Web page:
Lalibela: Ethiopian government says it has recaptured UN World Heritage Site

“The historic town of Lalibela has been liberated and the TPLF’s occupation cleared,” Prime Minister Abiy Ahmed’s office said in a tweet.

A TPLF spokesman, Getachew Reda, could not be immediately reached for comment.

Lalibela is home to ancient rock-hewn churches and a holy place for millions of Ethiopian Orthodox believers.

Earlier in the day, Abiy’s office said government troops backed by regional forces had recaptured territory from rebel Tigrayan fighters.

People stand next to Saint Mercurius church in Lalibela in March 2019.

The gains reported in Amhara follow news over the weekend that government troops have recaptured the town of Chifra in the Afar region after Abiy left the capital Addis Ababa to fight directly from the front lines.

The army victory at Afar and Amhara would be a blow to the Tigrayan forces, who had threatened to push further south through Amhara and march into the capital, or to advance east and threaten a road connecting landlocked Ethiopia with the main port of the region.

NS age conflict The conflict between the federal government and the leadership of the northern Tigray region has resulted in the deaths of thousands of civilians, displaced millions from their homes and left more than 9 million people dependent on food aid.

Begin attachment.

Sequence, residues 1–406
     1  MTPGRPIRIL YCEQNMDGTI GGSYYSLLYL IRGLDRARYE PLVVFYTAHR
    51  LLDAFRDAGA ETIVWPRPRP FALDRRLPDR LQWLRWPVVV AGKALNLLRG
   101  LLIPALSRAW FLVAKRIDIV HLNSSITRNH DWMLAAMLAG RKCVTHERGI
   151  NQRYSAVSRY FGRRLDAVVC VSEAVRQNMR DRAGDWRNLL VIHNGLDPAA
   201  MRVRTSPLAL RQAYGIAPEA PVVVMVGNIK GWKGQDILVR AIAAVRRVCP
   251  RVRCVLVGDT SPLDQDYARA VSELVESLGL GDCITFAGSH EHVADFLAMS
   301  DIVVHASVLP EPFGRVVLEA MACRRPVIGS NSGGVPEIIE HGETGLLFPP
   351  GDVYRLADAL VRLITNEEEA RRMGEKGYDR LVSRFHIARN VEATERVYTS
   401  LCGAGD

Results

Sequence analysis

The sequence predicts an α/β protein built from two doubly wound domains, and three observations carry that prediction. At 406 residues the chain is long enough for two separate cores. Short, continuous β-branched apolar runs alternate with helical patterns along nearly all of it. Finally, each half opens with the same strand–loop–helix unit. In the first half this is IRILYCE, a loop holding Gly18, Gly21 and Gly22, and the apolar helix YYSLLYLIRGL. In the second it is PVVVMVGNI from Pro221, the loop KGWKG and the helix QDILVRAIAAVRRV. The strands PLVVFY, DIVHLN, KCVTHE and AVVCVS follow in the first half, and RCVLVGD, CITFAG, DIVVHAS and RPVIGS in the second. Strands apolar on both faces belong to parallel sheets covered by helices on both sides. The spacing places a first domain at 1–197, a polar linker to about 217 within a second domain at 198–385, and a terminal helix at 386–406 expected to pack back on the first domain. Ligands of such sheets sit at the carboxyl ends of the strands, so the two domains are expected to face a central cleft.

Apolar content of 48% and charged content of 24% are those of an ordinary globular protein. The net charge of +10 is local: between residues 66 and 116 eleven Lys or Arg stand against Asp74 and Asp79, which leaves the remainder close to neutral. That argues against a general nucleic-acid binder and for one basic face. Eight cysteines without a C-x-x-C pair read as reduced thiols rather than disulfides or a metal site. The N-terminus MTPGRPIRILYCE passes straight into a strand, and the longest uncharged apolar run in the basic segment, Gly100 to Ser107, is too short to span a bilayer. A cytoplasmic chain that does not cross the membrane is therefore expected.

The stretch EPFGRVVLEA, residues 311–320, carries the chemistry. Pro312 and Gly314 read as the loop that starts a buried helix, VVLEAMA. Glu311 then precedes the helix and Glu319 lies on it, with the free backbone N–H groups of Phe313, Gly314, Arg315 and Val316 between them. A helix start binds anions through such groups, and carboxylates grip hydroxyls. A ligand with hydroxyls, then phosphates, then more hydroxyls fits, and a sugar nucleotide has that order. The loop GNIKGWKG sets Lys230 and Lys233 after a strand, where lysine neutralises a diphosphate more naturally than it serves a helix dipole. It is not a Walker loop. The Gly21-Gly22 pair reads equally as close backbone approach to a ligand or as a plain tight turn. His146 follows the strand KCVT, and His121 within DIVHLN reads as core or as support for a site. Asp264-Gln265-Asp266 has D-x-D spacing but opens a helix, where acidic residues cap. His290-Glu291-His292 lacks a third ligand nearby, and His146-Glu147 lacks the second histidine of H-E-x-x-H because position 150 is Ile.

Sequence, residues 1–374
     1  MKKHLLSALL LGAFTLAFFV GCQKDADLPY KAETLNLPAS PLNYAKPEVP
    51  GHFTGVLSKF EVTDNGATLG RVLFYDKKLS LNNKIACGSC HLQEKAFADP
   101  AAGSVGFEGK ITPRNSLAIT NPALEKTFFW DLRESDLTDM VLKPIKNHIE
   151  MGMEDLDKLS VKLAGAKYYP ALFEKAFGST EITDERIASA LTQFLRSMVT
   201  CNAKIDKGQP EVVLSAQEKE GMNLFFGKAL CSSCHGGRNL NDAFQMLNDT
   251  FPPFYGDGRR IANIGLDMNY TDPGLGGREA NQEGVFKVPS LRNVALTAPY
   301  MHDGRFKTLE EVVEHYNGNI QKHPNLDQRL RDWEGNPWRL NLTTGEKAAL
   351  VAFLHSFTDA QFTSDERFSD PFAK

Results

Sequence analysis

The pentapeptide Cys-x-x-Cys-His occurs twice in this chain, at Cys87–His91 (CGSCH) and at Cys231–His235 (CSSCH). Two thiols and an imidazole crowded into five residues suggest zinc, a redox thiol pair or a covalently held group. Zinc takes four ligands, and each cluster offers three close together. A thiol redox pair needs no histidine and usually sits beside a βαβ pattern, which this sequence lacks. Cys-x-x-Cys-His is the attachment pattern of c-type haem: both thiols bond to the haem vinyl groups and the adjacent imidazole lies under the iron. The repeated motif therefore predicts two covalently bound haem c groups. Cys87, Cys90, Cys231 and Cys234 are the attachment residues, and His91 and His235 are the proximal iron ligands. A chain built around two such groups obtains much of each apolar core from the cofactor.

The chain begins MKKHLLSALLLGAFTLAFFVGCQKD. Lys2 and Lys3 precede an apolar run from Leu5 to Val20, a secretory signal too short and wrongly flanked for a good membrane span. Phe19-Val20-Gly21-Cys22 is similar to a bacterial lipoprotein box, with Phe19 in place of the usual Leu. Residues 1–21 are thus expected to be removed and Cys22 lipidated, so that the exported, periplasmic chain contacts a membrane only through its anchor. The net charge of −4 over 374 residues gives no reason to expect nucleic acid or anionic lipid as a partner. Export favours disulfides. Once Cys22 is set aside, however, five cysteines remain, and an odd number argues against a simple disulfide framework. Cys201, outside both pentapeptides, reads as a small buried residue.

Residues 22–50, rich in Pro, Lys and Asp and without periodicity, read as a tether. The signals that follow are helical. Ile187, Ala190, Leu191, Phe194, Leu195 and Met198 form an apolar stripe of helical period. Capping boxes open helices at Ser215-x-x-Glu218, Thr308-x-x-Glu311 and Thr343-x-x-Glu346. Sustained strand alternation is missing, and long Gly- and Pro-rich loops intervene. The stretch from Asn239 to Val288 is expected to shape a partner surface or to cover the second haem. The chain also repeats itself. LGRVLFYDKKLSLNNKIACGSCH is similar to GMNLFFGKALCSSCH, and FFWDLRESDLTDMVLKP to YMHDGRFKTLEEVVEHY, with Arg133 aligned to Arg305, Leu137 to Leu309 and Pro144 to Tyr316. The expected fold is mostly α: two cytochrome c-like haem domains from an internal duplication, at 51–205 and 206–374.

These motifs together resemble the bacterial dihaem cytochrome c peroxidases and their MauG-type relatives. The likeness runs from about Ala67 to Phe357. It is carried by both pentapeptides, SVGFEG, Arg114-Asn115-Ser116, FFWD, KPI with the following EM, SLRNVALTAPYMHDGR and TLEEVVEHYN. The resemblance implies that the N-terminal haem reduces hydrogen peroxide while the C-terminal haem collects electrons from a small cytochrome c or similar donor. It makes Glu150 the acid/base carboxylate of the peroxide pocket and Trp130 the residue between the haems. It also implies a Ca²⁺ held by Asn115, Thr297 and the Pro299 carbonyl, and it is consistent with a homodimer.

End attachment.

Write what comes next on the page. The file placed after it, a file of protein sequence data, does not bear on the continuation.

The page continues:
Abiy’s office said Ethiopian troops now control the town of Shewa Robit, 220 kilometers (136 miles) northeast of Addis Ababa, along with eight other towns and villages. It says Mezezo, Molale, Rasa areas have been liberated from TPLF forces.

TPLF spokesman Getachew was unavailable for comment on those claims.

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A resident in the village of Gragne Amba, 25 kilometers (15 miles) southwest of Lalibela, said Tigrayan forces had abandoned it on Tuesday.

“I think they were joking and the TPLF fighters said ‘Many of Abiy’s soldiers are coming,'” she told Reuters. “This morning we saw Amhara’s special forces. They told us they were here for us and they tried to comfort us.”

She said the Amhara force had left in the direction of Lalibela on Wednesday morning, and residents coming from that direction said the Tigrayan force had also left there.

Reuters spoke to two people who originally lived in Lalibela and had fled the fighting. They said relatives called and said Tigrayan forces had left the town. They said that the telephone network in the town was down, but people could still go to the area near the airport where there is a cell phone reception.

Reuters was unable to reach anyone in Lalibela to independently confirm those accounts. Government spokesman Legesse Tulu said he was awaiting information from the military.


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